Gavia immer, the great northern diver (Europe), also known as common loon (North America), Tuullik (Greenlandic), Himbrimi (Icelandic), Islom (Norwegian), and Gavia adamsii, the white-billed diver (Europe), also known as yellow-billed loon (North America), are both large birds (3—6 kg in weight) and have heavy stout bills; that of the great northern is straight and black, and that of the white-billed diver is cream colored and appears up-tilted. Both have glossy black hoods interrupted by windows of white stripes on the chin and nape. The back is black, heavily striped with striking black and white patterning. Inuit legend has it that the raven made such fun of these patterns on the back that the loons always face their aggressors when performing the "penguin dance" threat display, in order to hide the foolish patterning on their backs. In winter, both species lose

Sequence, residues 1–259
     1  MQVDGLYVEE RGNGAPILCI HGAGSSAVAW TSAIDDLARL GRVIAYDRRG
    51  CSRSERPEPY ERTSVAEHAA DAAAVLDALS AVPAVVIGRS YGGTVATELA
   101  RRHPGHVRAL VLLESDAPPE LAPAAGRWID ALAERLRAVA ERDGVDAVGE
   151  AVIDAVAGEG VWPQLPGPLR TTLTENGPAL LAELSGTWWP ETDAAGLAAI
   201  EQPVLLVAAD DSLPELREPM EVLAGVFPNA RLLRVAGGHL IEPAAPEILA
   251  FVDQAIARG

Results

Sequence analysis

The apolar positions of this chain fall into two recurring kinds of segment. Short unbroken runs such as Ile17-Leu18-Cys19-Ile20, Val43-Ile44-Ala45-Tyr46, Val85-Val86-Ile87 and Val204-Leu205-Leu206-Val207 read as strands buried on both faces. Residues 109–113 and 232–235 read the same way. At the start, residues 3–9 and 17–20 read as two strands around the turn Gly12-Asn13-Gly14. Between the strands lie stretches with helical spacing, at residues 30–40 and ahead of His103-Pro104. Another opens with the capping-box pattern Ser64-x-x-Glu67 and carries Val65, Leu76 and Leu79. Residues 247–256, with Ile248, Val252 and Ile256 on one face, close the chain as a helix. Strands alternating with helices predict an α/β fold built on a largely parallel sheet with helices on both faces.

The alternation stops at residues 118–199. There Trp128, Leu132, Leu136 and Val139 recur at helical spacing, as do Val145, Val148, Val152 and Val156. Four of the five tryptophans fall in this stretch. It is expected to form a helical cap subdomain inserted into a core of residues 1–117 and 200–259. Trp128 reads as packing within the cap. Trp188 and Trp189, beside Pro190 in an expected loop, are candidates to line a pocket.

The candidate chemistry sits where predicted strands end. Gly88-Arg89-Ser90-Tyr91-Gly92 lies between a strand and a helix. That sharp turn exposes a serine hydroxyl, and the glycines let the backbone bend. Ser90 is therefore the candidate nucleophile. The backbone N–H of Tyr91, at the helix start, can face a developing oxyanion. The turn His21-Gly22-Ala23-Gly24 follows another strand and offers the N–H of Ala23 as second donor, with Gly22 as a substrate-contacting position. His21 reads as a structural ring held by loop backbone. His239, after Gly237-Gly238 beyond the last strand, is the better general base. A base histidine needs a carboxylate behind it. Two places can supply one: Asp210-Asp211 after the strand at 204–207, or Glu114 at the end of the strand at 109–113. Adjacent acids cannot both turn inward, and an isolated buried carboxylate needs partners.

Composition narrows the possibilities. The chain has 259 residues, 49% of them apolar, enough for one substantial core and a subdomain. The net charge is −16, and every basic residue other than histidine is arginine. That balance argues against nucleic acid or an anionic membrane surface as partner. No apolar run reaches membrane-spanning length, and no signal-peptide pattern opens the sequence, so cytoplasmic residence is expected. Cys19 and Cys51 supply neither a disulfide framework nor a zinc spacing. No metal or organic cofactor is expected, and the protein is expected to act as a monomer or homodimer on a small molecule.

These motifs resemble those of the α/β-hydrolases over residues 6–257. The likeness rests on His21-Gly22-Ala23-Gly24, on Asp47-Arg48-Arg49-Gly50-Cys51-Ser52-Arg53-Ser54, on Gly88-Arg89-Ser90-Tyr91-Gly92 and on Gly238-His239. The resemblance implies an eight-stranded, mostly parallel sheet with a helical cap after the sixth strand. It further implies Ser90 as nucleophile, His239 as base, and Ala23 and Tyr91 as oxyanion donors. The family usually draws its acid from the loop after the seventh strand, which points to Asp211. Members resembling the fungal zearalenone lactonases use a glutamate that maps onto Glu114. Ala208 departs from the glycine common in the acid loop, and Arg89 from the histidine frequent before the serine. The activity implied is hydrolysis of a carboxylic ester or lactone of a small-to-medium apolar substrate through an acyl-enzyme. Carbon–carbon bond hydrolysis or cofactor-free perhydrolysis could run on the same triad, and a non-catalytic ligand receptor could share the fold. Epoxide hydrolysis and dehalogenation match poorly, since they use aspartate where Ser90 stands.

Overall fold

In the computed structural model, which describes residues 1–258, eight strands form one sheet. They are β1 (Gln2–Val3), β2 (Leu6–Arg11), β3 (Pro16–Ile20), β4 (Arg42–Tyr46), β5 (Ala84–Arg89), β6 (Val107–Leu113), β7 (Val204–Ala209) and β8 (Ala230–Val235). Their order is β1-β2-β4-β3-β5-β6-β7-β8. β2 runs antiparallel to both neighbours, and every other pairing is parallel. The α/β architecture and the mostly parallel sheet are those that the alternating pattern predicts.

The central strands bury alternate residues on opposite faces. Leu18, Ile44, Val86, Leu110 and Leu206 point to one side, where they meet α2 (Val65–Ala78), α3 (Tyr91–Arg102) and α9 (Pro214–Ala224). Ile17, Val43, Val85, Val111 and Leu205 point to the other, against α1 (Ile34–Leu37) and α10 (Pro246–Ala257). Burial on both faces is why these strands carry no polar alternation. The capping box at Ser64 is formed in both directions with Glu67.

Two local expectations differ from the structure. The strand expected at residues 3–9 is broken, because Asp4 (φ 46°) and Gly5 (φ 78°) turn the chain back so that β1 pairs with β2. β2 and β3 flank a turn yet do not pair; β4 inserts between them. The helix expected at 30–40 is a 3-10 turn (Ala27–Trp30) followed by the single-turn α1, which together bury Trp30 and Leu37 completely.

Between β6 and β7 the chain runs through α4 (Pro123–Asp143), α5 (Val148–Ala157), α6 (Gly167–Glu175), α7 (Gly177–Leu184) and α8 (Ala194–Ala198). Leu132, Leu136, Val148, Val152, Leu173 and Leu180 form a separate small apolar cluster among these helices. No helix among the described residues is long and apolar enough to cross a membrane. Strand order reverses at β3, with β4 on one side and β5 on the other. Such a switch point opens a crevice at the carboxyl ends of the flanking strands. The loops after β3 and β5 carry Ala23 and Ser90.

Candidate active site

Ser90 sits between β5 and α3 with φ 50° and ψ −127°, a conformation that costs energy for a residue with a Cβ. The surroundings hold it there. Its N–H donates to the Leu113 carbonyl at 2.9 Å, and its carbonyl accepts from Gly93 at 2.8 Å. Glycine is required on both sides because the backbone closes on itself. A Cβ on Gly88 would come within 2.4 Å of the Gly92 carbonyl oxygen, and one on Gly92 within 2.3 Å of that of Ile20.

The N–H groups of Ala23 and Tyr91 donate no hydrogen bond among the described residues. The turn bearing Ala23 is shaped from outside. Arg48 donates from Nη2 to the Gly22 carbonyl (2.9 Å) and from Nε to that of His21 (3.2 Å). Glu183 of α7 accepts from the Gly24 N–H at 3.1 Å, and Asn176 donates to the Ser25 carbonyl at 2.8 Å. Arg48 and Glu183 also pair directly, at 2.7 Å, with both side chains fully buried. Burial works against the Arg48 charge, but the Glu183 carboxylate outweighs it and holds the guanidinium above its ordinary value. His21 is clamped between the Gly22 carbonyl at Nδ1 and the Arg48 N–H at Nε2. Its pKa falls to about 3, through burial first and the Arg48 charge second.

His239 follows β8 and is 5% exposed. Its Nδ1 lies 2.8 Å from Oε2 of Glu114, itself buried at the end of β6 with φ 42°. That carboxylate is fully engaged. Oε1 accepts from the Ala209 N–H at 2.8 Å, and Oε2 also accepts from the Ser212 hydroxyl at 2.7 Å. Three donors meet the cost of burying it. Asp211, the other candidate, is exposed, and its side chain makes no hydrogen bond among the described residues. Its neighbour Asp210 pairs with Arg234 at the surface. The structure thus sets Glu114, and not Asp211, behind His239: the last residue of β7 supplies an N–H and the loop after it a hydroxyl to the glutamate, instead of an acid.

their spectacular garb and become grayish-brown above, with dark crown and nape, and pale, almost white below. The great northern diver breeds mainly in North America between 40° N and 78° N, but extends to Greenland, Iceland, and Bear Island. Nesting is usually associated with very large deep freshwater lakes, in areas of coniferous forest but also into open tundra; the nests are invariably on islets, less commonly along shores. Great northern divers winter along coasts of the North Atlantic and northeastern Pacific, frequently associated with exposed, hard rock shores and sheltered bays. The white-billed diver replaces the smaller species in the Russian Arctic, breeding along Arctic Ocean coasts as far north as 78° N, generally well north of the treeline, and extends into Alaska and the western Canadian Arctic. This species winters in coastal waters of the northwest and northeastern Pacific and off Norway in the Old World. Both species tend to nest as soon as habitats are freed from the spring thaw, creating a modest nest from vegetation adjacent to the water's edge. Little is known about the breeding biology of white-billed divers, but great northern sivers tend to lay two eggs, which after 3-4 weeks of incubation hatch dark brown chicks that fledge at 70-77 days. Birds are thought to reach sexual maturity at 2 years of age, but there are few records from ringing recoveries to support the idea that these birds probably live for 20 or more years. Both species are masters of the underwater pursuit of fish, most usually in 4-10 m of water where they can be submerged for up to a minute, often resurfacing far from the diving point. Because of their mournful song, great northern and white-billed divers were thought to act as a guide into the netherworld; hence, early Inuit cultures buried Loon skulls in graves. Animal dances among the western Inuit of North America featured many ceremonial bird masks, and the striking yellow dagger bill of Gavia adamsii figured prominently in the "Dance of the Loon." The drum dance clothing of the Copper Inuit of Coronation Gulf, Northwest Territories also featured the head and bill in ceremonies that welcomed the arrival of travelers and friends or celebrated a successful hunt. More functionally, the large diver skins were used in the coats of Western Alaskan Inuit, and their use as storage bags by the Bering Strait Inuit continues today in Gjoa Haven, Nunavit, where, "loonie bags" are still used to hold and keep dry the precious dried moss, bog cotton, and flints required to start fires.
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